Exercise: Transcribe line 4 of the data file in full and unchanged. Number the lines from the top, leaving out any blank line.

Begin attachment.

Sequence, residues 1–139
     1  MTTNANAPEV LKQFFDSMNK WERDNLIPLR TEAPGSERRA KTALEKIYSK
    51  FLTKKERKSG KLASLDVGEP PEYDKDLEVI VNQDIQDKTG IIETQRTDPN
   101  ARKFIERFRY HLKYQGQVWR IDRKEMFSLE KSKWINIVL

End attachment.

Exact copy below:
   101  ARKFIERFRY HLKYQGQVWR IDRKEMFSLE KSKWINIVL